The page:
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Giving back little gifts of code for Christmas
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Readme.md

24 Pull Requests

Build Status Dependency Status Code Climate Test Coverage Gitter chat PullReview stats

Giving back little gifts of code

24 Pull Requests is a yearly initiative to encourage developers around the world to send a pull request every day in December up to Christmas.

This is the site to help promote the project, highlighting why, how and where to send your pull requests.

Get started

Contributors

Over 150 different people have contributed to the project, you can see them all here: https://github.com/24pullrequests/24pullrequests/graphs/contributors

Development

Source hosted at GitHub. Report issues/feature requests on GitHub Issues. Follow us on Twitter @24pullrequests. We also hangout on Gitter.

Getting Started

New to Ruby? No worries! You can follow these instructions to install a local server, or you can use the included Vagrant setup.

Installing a Local Server

First things first, you'll need to install Ruby 2.0. I recommend using the excellent rbenv, and ruby-build

rbenv install 2.1.5
rbenv global 2.1.5

Next, you'll need to make sure that you have PostgreSQL installed. This can be done easily on OSX using Homebrew or by using http://postgresapp.com. Please see these further instructions for installing Postgres via homebrew.

brew install postgres phantomjs

On Debian-based Linux distributions you can use apt-get to install Postgres:

sudo apt-get install postgresql postgresql-contrib libpq-dev

On Windows, you can use the Chocolatey package manager to install Postgres:

choco install postgresql

Now, let's install the gems from the Gemfile ("Gems" are synonymous with libraries in other languages).

gem install bundler && rbenv rehash
bundle install

Once all the gems are installed, we'll need to create the databases and tables. Rails makes this easy through the use of "Rake" tasks.

bundle exec rake db:create:all
bundle exec rake db:migrate

And we can also add some sample data with the seed task

bundle exec rake db:seed

If you are working on anything related to the email-generation code, you can use mailcatcher Since we use bundler, please read the following before using mailcatcher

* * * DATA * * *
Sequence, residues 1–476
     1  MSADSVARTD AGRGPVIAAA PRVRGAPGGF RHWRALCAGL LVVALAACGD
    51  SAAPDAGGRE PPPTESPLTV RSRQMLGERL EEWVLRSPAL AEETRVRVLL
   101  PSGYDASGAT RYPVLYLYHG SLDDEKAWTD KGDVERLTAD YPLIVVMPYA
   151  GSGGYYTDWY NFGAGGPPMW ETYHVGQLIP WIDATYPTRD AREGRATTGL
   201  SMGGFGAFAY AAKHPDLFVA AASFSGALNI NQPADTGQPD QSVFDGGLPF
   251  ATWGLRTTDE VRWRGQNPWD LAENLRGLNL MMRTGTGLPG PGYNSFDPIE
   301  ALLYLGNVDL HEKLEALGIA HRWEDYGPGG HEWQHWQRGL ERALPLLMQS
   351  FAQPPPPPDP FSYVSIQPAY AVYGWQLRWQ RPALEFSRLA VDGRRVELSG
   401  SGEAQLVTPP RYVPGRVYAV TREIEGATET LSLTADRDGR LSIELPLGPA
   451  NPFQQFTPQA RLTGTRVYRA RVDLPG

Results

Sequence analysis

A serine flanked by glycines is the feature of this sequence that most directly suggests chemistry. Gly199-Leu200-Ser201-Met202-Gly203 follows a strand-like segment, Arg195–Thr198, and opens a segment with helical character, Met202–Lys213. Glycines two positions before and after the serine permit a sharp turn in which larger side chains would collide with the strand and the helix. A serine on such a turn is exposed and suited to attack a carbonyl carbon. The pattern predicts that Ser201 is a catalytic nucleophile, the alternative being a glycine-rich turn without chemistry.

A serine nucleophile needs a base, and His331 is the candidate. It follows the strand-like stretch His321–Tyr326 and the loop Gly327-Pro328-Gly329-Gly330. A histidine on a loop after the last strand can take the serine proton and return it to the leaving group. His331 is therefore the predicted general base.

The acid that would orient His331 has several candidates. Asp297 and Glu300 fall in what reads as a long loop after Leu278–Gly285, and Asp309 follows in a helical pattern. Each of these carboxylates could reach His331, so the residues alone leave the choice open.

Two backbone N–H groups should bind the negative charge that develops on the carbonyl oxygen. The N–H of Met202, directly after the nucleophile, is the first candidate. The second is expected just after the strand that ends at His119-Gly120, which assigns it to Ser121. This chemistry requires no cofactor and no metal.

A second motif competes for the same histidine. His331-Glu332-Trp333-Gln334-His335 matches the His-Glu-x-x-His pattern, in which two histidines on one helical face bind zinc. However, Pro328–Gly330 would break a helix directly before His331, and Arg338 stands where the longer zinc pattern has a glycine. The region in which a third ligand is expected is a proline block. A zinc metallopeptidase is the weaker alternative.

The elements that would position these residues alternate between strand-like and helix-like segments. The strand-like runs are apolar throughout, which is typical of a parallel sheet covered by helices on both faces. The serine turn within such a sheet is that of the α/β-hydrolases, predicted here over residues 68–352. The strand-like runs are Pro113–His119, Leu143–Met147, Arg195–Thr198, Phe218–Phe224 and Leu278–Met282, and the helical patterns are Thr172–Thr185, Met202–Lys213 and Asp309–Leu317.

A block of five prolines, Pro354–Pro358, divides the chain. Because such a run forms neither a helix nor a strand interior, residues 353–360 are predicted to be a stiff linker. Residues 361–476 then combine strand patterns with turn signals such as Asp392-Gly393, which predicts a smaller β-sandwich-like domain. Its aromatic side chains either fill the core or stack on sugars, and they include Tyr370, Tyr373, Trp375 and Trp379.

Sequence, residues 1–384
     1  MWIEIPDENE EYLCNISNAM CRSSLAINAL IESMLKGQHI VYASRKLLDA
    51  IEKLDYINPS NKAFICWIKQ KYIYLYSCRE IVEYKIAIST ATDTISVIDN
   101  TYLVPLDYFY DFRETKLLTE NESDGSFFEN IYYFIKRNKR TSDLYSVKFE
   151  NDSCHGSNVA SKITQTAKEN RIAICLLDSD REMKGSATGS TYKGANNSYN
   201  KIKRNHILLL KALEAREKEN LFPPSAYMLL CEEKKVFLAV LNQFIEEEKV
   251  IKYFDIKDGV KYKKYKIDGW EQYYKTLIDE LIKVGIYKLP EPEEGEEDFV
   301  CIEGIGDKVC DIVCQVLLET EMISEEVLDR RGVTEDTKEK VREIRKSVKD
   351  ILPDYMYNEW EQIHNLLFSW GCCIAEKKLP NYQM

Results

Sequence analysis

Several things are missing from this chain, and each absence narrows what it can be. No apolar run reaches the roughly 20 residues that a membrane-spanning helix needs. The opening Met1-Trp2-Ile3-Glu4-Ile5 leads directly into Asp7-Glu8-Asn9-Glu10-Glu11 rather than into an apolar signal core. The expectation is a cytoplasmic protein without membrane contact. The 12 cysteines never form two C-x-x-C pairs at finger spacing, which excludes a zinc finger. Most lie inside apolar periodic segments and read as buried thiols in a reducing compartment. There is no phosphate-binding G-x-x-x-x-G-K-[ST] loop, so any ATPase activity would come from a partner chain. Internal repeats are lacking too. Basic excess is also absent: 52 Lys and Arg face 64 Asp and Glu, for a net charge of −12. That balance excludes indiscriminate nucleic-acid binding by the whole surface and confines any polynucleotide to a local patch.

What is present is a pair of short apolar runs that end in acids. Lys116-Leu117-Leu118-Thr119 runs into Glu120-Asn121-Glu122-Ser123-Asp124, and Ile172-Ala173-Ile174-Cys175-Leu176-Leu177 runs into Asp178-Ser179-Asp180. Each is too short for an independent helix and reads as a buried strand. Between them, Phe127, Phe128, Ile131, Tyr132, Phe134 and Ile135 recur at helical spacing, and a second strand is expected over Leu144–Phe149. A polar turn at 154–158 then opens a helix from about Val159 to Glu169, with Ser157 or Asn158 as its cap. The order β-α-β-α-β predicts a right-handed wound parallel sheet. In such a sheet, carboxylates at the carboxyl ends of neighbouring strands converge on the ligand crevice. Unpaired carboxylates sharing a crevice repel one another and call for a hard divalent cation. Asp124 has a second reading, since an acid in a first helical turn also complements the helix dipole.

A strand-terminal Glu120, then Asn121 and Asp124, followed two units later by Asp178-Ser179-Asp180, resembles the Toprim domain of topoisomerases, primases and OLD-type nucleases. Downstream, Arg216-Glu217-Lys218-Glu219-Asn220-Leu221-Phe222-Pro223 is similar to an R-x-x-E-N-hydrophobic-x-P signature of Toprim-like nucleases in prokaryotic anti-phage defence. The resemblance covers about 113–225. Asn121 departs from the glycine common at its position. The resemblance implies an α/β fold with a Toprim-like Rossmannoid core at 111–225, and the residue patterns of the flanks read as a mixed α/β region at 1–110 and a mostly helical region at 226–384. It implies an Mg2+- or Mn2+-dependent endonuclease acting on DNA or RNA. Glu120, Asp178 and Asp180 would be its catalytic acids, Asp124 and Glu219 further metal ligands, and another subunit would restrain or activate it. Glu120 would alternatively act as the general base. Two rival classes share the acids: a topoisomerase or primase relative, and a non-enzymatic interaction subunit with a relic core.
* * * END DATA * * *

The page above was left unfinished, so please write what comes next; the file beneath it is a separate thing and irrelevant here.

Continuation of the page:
Almost there! Now all we have to do is start up the Rails server and point our browser to http://localhost:3000

bundle exec rails s

Using Vagrant

The included Vagrant setup uses Ansible as provisioner. First, you'll need to install the dependencies:

Windows Users: Ansible does not support Windows as controller machine, but there's a little hack in the Vagrantfile that will allow you to run the provision using a local SSH connection Guest-Guest. Just install Vagrant and VirtualBox, and you should be able to get it running.

Once you have everything installed, go to the project directory via console and run:

$ vagrant up

The first time you run vagrant up, the process will take several minutes, since it will download a box and run all necessary tasks to get the server ready. When the process is finished, log in to run the rails dev server:

$ vagrant ssh
$ cd /vagrant
$ bundle exec rails s

Then you should be able to access the application through your regular browser at http://192.168.12.34:3000.

Simply edit the files in the project directory using your favorite editor on your host machine and the changes will be automatically reflected in the /vagrant directory inside the guest virtual machine and so you can see the changes on your browser.

Tests

Standard RSpec/Capybara tests are used for testing the application. The tests can be run with bundle exec rake.

(If you find a large number of tests failing right after you've cloned the project and run migrations, try running rake db:schema:load. This will reload the database schema and fix any issues relating to missing tables.)

Mocha/Konacha is used for unit testing any JavaScript. JavaScript specs should be placed in spec/javascripts. Run the JavaScript specs with bundle exec rake konacha:serve.

If you are using the omniauth environment variables (GITHUB_KEY, GITHUB_SECRET, TWITTER_KEY, TWITTER_SECRET) for another project, you will need to either

  • unset them before running your tests or
  • reset the omniauth environment variables after creating a Github (omniauth) application for this project

as it will use it to learn more about the developers and for pull requests.

Note on Patches/Pull Requests

  • Fork the project.
  • Make your feature addition or bug fix.
  • Add tests for it. This is important so I don't break it in a future version unintentionally.
  • Send a pull request. Bonus points for topic branches.

Code of Conduct

Please note that this project is released with a Contributor Code of Conduct. By participating in this project you agree to abide by its terms.

Copyright

Copyright (c) 2014 Andrew Nesbitt. See LICENSE for details.

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